The House of Sam Widges
One of the really interesting features about the Internet is almost stream-of-consciousness mode you can slip into as the direct consequence of a somewhat specific search.
' The House of Sam Widges ' floated into a view. It was a coffee bar with a jazz club in the basement. I became something of an habitué even at one point working behind the counter during the busy lunchtime rush. I discovered that the place was actually owned at some point by one Neil Oram: http://en.wikipedia.org/wiki/Neil_Oram
When I managed at last to separate myself from the downy clutches of The RAF I headed off to London geographically and Soho specifically.
The first time I wandered wide eyed into The House of Sam Widges I was amazed as the friendliness of the crowd. Up they came grasping my hand with warmth, greetings, and wide smiles. "The is for me.". I thought. Silly child - I was around nineteen years old age at the time - and the social perception and naivety of a nine-year-old.
It was only later that I discovered that these practitioners of bonhomie where in fact in the pot-trade, and they shook diversionary hands with everyone. Their clients getting in addition to the friendly grasp a small neat brown paper package containing seven and sixpence worth of grass.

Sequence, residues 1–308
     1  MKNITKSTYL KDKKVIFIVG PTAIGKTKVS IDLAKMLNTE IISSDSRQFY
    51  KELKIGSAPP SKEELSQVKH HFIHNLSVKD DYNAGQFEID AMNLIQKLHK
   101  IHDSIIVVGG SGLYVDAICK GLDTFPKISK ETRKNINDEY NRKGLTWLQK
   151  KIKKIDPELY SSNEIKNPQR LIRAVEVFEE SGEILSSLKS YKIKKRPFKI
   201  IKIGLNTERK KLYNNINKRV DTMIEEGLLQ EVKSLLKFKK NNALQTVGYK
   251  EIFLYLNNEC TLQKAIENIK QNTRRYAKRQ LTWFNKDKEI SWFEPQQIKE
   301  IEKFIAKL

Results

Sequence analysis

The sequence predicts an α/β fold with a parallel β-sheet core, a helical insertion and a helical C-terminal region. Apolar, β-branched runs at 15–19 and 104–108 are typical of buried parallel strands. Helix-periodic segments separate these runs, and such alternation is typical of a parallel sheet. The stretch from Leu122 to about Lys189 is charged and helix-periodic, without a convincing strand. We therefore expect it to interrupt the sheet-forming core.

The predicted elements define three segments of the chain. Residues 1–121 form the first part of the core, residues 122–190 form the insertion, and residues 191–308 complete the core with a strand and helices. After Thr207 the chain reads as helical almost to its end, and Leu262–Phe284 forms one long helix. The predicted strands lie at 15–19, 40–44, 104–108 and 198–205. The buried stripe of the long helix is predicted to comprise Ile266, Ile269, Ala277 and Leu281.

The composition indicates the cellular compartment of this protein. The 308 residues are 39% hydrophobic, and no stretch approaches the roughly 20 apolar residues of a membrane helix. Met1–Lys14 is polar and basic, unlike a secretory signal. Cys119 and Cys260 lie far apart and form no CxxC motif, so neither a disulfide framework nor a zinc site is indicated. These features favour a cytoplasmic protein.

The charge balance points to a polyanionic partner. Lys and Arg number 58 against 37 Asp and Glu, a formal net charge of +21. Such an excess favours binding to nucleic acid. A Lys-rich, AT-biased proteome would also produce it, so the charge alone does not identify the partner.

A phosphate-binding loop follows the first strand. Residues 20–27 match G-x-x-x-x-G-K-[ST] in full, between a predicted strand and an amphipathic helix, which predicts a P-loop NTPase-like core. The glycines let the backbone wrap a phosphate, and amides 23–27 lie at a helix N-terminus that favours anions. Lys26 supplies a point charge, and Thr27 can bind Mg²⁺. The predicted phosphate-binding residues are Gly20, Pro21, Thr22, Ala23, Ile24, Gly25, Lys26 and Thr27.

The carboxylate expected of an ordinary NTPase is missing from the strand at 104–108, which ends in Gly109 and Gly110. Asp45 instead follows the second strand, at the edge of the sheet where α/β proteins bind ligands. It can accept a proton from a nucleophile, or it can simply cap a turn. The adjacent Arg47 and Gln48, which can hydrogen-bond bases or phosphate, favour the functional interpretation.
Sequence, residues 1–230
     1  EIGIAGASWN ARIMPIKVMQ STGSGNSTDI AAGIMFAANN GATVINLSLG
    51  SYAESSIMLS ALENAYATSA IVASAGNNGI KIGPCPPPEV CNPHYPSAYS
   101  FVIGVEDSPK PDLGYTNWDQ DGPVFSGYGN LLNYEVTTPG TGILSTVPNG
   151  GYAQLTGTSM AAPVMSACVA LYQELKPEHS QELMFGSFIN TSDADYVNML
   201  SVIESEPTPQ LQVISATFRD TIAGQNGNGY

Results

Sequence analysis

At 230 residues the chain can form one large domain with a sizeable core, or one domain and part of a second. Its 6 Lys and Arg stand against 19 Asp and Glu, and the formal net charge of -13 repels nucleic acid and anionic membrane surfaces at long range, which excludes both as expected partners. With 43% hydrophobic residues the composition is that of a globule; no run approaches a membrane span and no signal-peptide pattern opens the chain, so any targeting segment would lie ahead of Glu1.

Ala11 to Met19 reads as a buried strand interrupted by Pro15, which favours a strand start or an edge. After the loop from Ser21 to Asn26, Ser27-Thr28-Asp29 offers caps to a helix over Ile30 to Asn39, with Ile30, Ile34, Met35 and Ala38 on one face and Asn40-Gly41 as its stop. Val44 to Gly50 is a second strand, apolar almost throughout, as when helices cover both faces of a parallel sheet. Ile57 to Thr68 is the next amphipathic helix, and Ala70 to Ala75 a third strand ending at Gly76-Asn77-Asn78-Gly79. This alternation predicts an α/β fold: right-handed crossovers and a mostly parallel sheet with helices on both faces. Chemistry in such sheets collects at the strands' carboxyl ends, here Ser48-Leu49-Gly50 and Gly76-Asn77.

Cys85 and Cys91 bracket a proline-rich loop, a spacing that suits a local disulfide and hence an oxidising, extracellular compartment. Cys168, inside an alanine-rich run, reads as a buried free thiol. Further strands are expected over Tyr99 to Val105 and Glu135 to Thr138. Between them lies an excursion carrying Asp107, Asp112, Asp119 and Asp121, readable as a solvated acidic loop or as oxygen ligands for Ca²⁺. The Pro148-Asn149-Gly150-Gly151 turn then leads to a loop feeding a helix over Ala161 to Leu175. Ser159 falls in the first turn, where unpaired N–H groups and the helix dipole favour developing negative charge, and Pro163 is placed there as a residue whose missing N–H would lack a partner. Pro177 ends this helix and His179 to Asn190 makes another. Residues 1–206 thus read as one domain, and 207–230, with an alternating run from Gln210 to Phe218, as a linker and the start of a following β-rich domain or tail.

Somewhat later and having become both life and Soho hardened I did a regular gig every Saturday in the basement of The House of Sam Widess playing with a whole host of faces. Some very august individuals would wander in from time to time to jam. More recently Peter King told me that it was there as a very young man Ronnie Scott heard him play and immediately booked him to play at what became know as Ronnie's Old Place.
The House of Sam Widess long gone I suppose - it would be interesting to know just when it ceased to be. Late fifties and in th Sixties Soho was a fascinating place to be particularly so for the jazz fraternity. Happy days.